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At a glance

A most often sporadically occurring syndrome with exomphalos, macroglossia, gigantism, and hypoglycemia caused by hyperinsulinism.

Synonyms

Wiedemann-Beckwith Syndrome; Beckwith Syndrome; Wiedemann Syndrome; Wiedemann-Beckwith-Combs Syndrome; Infantile Gigantism; EMG Syndrome; Exomphalos-Macroglossia-Gigantism Syndrome; Familial Macroglossia-Omphalocele Syndrome; Macroglossia-Omphalocele-Visceromegaly Syndrome.

History

First described in three autopsy cases by the American pediatric pathologist John Bruce Beckwith in 1963. The German pediatrician Hans-Rudolf Wiedemann reported on two further (living) patients 1 year later and added the findings of hypoglycemia and postnatal gigantism to the picture.

Incidence

Has been estimated to be in the range of 1: 10,500 to 13,700, although some experts consider the true incidence to be higher as many cases may go undiagnosed due to a mild phenotype. Males and females are affected equally.

Genetic inheritance

While approximately 15% of all cases are inherited in an autosomal dominant mode with incomplete penetrance and variable expressivity, the vast majority of cases are sporadic. BWS is caused by mutations in the ICR1 (H19-IGF2-imprinting control region) gene (in 25% of patients, paternal uniparental disomy in 80% of those), or the H19 gene, or the KCNQ1OT1 (Potassium Channel, Voltage-Gated, KQT-Like Subfamily, Member 1, overlapping transcript 1) gene (in about 50%) or rarely (in 5%), by mutations in the CDKN1C (Cyclin-dependent kinase inhibitor 1C) gene, all located on chromosome 11p5. In the remaining 20% of BWS patients, the molecular basis remains undetermined. There is now a recognized association between assisted reproduction technology and BWS, but the absolute risk of BWS in an individual conceived by assisted reproduction technology appears to be very low (no more than 1 in 1,000).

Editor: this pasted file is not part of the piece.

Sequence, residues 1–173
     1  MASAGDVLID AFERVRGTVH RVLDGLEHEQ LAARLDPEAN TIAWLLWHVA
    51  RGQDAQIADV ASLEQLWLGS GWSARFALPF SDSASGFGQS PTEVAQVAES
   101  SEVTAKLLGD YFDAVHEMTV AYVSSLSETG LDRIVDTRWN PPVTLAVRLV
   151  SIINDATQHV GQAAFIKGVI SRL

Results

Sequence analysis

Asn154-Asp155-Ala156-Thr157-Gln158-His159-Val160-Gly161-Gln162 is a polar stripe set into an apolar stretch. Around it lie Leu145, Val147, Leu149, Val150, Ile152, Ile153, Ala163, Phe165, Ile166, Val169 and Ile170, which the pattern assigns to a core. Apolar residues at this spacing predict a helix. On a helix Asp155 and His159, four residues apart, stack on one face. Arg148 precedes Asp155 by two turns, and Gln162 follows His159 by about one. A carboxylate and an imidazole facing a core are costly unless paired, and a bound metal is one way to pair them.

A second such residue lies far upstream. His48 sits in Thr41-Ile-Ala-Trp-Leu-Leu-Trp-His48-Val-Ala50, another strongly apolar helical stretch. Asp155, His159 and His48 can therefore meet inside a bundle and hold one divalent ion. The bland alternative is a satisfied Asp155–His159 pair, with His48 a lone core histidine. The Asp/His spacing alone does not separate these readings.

Pathophysiology

The 11p15 chromosome region contains growth-promoting (IGF-2 and KCNQ1OT1) and tumor-suppression genes (H19 and CDKN1C). The mutations of these genes lead to somatic overgrowth and predisposition to tumors. Altered placental endocrine physiology (placental mesenchymal dysplasia) may play a role in producing many of the features already found during the neonatal period. Omphalocele, anomalies of intestinal rotation and fixation, and diaphragmatic eventration may be secondary to early visceromegaly.

Diagnosis

During pregnancy, polyhydramnios, enlargement of the placenta (up to twice the normal size) with increased length of the umbilical cord are characteristic. The birth weight for boys and girls is around the 95th and 75th percentile, respectively. Growth velocity is increased in the first 4 to 6 years of life (postnatal growth >90th percentile) and associated with advanced bone age, but normalizes thereafter. Severe hypoglycemia is present in approximately 30 to 60% of newborns, with the highest incidence found in the first 3 days of life. Macroglossia and omphalocele or umbilical defects, ear lobe grooves, and circular depression on the posterior rim of helix are other features. Final confirmation of the diagnosis requires molecular/cytogenetic testing.

Beckwith-Wiedemann Syndrome: Pronounced ...

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